A surprising day
I’m sitting in my billeting family’s lounge room as Ali counts coins. We’re reflecting on the night that’s been. Mark Thompson was the guest speaker at an apologetics evening where sceptics got a chance to hear a Christian response to scepticism and then ask questions.
My confession: I’m not a fan of these types of events.
My realization: I’m rarely right.
True there were frustrating moments in the evening. But reflecting with Ali as he balances the float from the book store reminded me of the wonderful things that God provided tonight. In particular we marvelled at the new found fervour of the St David’s congregation for seeing their family and friends come to know Jesus. There were at least 30 non-Christians at this event. We overhead one congregation member telling his elderly father how his grandchildren were praying he would come to know Jesus. I know from personal experience how difficult it can be to confront your own parents with the Gospel and here was this brother in Christ refusing to be daunted by his father’s cynicism and disbelief.
The parish has clearly done a lot of thinking about this week. Hosting the apologetics night in the RSL was a masterstroke – particularly because Thursdays is cheap Schnitzel day. But it also provided a non-confrontational environment for people to raise their questions.
But today was a day of contrasts.
In the afternoon we spent a couple of hours honouring those who had served at war with an ANZAC service at the local Anglican Retirement Village. Mark gave an appropriately reverent talk and then we got to sit back and listen to some amazing stories of the war from the residents and our own Ryan VDA.I wish I could retell all of them but I don’t have the space so let me grace you with just one by a lady named Tricia.
‘On the day the Japanese surrendered I was shipped from Brisbane to Sydney not knowing what had happened. I got off at Central, caught a train to Wynyard and then a bus over the Spit to Balmoral. I didn’t know what had happened but when I got there they looked me over and said ‘We don’t want you today – come back tomorrow’. So I got back on a bus over the Spit and took a room at the YWCA. I then went to Hyde Park and danced. We did the Congo, I hugged strangers, I kissed strangers and then I went back to my room and wept. A lot of people wept that day. The war was over but that also meant he wasn’t coming home. I didn’t know it at the time but my cousin would return from the war some weeks later.’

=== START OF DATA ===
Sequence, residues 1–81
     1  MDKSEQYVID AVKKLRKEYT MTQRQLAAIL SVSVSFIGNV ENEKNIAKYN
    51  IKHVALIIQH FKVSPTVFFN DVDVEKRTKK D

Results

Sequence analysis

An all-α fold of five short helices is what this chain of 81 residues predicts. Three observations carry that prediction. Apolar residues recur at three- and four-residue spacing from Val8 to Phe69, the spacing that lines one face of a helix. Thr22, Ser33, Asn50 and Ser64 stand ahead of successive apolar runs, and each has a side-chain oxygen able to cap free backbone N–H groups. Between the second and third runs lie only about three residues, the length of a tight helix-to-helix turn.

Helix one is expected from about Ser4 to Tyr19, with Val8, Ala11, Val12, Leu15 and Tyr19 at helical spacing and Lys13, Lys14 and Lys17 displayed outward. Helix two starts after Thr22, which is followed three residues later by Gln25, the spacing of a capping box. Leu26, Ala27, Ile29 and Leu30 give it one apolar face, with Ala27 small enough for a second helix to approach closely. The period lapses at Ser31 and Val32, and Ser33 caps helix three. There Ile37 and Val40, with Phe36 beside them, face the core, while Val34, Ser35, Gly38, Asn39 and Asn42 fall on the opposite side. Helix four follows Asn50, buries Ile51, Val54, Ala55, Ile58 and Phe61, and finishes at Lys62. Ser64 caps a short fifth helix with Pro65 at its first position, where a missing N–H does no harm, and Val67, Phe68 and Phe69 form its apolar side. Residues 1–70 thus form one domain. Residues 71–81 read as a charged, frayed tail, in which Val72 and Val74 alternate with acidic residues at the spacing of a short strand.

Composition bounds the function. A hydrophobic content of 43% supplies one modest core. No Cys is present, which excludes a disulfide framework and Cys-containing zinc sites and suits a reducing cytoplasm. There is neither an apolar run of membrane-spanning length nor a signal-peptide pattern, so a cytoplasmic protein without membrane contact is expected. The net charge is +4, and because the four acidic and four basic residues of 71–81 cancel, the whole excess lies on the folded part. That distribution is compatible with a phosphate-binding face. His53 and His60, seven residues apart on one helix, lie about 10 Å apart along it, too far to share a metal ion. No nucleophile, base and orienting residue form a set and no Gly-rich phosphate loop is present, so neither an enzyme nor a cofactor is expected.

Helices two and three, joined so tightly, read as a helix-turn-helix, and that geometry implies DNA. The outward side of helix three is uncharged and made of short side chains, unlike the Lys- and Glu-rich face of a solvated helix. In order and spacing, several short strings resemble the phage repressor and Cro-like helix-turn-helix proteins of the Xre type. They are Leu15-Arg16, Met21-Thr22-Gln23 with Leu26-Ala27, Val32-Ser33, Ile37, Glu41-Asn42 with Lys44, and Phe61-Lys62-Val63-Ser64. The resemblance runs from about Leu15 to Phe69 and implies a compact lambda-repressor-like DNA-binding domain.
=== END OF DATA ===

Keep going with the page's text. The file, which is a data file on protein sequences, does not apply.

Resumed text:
Their accounts captured the reality which Ryan beautifully described – “There is very little about war that is good”.
These stories, Ryan’s own story of his Grandfather, combined with Gavin’s leading of the service and Mark’s talk made this an experience I will always treasure. We sat together, many of us as brothers and sisters in Christ, and remembered the providence of God – to give us such brave men and women who won for us the freedom we now enjoy.
So I sit here this evening, reflecting on a mission which is enriching me in ways I never expected.
I am thankful that God pays little attention to my reservations and chooses to bless me in ways well beyond my imagination. I am thankful that He equipped men and women with courage beyond my wildest dreams so I can type these words now. And I am thankful that in his Son Jesus we have an even greater victory day ahead – with the dancing, the hugging, perhaps the congo line and the kissing but none of the tears.
Prash is currently in 4th year. In 2012 he served on the Forestville mission team.
To read more blogs from mission click here.